New York governor signs Lyme disease legislation into law
Legislation co-sponsored by Senator Tom O’Mara, a member of the Senate Task Force on Lyme and Tick-Borne Diseases (TBDs), to strengthen New York State’s response to the rise of these diseases has been signed into law by Governor Andrew Cuomo.
The new laws were enacted earlier this week.
“We’ve taken important actions over the past few years to broaden the state’s overall response to the spread of Lyme and other tick-borne diseases, but much more needs to be done, particularly in the areas of reporting, testing and treatment, and education and awareness. These new laws will strengthen New York’s response,” said O’Mara.
The new laws will:
> establish an expert-based Lyme and TBDs Working Group to review current best practices for the diagnosis, treatment, and prevention of Lyme and TBDs (S7170, Chapter 337 of the Laws of 2018, co-sponsored by O’Mara); and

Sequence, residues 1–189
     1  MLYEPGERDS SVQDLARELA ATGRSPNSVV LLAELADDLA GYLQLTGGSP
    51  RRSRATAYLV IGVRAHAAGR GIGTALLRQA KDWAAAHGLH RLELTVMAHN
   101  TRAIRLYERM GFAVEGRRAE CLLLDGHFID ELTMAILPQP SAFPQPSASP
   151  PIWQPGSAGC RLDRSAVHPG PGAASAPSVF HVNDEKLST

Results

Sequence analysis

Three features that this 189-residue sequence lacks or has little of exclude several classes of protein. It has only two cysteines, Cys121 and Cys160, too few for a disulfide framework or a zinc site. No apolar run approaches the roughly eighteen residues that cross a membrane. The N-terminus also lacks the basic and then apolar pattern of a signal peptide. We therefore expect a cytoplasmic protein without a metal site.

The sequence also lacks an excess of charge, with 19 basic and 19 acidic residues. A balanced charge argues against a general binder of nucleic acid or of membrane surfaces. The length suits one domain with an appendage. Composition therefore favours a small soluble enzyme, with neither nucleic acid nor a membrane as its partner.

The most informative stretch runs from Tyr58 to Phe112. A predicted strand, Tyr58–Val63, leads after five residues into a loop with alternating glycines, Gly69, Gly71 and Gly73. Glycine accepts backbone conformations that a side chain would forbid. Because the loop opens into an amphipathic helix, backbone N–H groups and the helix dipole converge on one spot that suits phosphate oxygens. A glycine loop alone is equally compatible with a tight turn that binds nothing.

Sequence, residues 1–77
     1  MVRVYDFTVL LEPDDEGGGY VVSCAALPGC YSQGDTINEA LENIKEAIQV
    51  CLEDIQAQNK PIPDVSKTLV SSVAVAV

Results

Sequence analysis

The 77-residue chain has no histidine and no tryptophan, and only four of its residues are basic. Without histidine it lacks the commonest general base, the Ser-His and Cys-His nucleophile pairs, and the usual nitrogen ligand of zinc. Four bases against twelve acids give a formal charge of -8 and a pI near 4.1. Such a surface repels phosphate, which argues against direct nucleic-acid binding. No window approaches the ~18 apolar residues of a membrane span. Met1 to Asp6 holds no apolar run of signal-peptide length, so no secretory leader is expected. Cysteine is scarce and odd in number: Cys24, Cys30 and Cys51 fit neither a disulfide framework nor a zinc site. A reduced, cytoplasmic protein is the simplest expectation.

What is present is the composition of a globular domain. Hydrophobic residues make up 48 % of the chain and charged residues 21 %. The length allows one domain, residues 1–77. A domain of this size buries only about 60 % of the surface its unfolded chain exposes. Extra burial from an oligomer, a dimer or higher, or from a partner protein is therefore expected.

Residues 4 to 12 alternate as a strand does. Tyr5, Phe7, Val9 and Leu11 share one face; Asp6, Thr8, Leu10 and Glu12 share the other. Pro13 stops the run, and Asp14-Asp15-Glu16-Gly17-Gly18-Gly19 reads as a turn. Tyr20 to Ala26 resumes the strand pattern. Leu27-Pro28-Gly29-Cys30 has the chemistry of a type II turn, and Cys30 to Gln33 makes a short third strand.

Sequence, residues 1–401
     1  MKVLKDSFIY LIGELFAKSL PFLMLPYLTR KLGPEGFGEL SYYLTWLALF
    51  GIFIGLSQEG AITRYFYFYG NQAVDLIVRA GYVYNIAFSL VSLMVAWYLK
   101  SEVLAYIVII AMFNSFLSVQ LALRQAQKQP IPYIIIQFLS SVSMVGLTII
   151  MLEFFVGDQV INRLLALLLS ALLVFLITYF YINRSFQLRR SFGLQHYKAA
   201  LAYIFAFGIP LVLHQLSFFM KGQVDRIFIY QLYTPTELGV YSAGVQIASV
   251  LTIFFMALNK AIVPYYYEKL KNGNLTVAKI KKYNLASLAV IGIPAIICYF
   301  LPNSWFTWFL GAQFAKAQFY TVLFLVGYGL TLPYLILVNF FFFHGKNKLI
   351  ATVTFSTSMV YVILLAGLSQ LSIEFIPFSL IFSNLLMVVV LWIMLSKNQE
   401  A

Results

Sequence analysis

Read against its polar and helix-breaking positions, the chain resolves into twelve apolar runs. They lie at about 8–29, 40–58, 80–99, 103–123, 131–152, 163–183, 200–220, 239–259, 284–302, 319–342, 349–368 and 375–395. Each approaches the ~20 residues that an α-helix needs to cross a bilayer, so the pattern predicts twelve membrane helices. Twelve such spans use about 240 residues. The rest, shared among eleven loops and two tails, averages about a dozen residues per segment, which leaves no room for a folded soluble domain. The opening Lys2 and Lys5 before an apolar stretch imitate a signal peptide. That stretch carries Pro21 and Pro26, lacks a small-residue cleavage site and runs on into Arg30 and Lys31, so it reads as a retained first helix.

> require Lyme and tick-borne disease warning signs at all state-managed parks including trail entryways and campgrounds (S7242, Chapter 354).
Earlier this year, the Legislature approved legislation, also co-sponsored by O’Mara, to require the state to conduct an impact study considering how infectious diseases and blood-borne pathogens, including Lyme and TBDs, may have correlations with mental illness in infected individuals.
The new “Mental Health Impacts Report” would enable better treatment of the mental health consequences associated with these infections (S7171). This measure will be sent to Cuomo for final action in the near future.
O’Mara said that all of the measures were part of a comprehensive legislative package representing Senate recommendations first made in a Task Force report released last October, “Ticking Time Bomb: An Update on the Lyme and Tick-Borne Disease Epidemic in New York State.”
Press release from the office of New York State Senator Tom O’Mara.